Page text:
Opening the Channels of Communication
Social networking venues and sites like CarePages, which VNSNY Hospice provides for its patients allowing them to connect to family and friends, and CaringBridge, which reports 36 million visitors over the past year, can go a long way towards building community and alleviating isolation for those with a terminal illness and their inner circle of family and friends. The Internet is tailor-made for opening the channels of communication, in this case between someone living through a terminal illness and those who want to help in the most immediate and supportive way they can, even if they live far away.

Following a life-limiting diagnosis, more and more patients and their families turn to some kind of online communication to update loved ones on details of a diagnosis, symptoms, and daily ups and downs. This both informs and creates a sense of community. Logistics such as a good time to visit or even a request to refrain from visiting can be easily shared. If it’s been a tough few days and words of encouragement are much needed, a post on Care Pages, a CaringBridge online journal or a Facebook page can bring an instant onrush of well wishes from far-flung friends. Online communication can also be vital during bereavement, especially–and perhaps necessarily–when it allows people to carry the conversation from the virtual world into the corporeal one. Web memorials, which keep memories of a loved one alive after death through words, photos and video, also provide a sense of community for those struggling with loss.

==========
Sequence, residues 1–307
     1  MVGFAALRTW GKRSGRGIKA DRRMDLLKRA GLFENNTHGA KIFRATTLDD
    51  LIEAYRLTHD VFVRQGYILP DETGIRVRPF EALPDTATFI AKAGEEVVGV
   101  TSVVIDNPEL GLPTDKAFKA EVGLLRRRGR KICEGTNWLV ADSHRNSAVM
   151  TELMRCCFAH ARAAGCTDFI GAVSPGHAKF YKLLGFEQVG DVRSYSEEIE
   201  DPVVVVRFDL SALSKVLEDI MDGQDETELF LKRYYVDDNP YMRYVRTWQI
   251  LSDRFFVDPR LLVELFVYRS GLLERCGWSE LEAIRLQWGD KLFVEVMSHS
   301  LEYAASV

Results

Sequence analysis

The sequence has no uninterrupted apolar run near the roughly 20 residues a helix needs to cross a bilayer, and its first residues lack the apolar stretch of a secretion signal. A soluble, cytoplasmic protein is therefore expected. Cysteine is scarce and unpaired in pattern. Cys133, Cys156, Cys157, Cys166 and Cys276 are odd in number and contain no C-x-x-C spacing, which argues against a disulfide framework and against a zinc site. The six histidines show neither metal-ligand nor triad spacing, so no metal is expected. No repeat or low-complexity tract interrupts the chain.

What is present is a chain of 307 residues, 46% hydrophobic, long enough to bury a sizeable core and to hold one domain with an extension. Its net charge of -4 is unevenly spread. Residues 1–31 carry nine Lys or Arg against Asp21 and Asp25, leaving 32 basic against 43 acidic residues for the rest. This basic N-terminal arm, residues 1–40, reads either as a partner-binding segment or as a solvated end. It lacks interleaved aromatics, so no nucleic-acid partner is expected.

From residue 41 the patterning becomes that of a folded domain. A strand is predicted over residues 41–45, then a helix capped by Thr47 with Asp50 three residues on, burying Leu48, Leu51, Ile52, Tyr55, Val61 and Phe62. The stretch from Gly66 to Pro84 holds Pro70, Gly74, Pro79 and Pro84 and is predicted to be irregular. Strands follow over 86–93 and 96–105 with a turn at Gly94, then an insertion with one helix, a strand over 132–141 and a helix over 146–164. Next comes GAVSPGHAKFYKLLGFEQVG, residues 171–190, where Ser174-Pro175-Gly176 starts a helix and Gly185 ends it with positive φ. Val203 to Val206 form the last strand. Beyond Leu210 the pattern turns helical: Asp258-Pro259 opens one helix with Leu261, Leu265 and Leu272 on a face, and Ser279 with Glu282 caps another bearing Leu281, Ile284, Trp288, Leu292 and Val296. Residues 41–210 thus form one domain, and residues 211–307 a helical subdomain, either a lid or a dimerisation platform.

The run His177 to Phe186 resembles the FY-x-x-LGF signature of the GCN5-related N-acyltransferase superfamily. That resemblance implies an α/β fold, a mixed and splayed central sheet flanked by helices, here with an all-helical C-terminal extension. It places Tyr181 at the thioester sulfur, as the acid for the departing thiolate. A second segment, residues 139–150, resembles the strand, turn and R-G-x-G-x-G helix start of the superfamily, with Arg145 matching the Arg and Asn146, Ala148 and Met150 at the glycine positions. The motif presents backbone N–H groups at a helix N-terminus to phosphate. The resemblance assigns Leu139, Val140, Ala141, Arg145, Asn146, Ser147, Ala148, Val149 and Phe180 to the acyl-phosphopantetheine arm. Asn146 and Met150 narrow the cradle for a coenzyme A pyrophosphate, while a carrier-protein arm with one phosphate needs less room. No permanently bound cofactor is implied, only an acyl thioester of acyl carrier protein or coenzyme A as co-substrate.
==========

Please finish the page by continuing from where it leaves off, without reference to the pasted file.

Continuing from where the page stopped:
Life Review
A term we use often in hospice is “life review,” and it refers to the process of weaving together reminiscences that can help patients and their loved ones facing life-limiting illness shape a personal sense and meaning of their lives. Coined by Dr. Robert Butler, the renowned expert on aging who died this month at age 83, life review is a therapeutic process that can provide comfort and a sense of closure for both the dying and the bereaved. Visiting Nurse Service of New York has a guidebook titled Lifetime Review that helps hospice volunteers learn how to guide patients through this important end-of-life process.